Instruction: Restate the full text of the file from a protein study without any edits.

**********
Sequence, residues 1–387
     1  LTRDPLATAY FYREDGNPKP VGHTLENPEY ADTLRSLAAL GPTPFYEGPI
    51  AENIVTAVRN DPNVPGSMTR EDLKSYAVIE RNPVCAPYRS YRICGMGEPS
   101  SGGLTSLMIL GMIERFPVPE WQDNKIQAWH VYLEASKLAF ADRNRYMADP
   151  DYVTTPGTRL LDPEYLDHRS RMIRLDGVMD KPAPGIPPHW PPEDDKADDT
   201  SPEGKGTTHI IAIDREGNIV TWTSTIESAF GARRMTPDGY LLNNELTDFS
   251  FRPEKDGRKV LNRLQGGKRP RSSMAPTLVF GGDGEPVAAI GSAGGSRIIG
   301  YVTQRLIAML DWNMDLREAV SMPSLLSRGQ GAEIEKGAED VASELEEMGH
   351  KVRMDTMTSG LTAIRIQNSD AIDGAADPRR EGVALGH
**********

Sequence, residues 1–387
     1  LTRDPLATAY FYREDGNPKP VGHTLENPEY ADTLRSLAAL GPTPFYEGPI
    51  AENIVTAVRN DPNVPGSMTR EDLKSYAVIE RNPVCAPYRS YRICGMGEPS
   101  SGGLTSLMIL GMIERFPVPE WQDNKIQAWH VYLEASKLAF ADRNRYMADP
   151  DYVTTPGTRL LDPEYLDHRS RMIRLDGVMD KPAPGIPPHW PPEDDKADDT
   201  SPEGKGTTHI IAIDREGNIV TWTSTIESAF GARRMTPDGY LLNNELTDFS
   251  FRPEKDGRKV LNRLQGGKRP RSSMAPTLVF GGDGEPVAAI GSAGGSRIIG
   301  YVTQRLIAML DWNMDLREAV SMPSLLSRGQ GAEIEKGAED VASELEEMGH
   351  KVRMDTMTSG LTAIRIQNSD AIDGAADPRR EGVALGH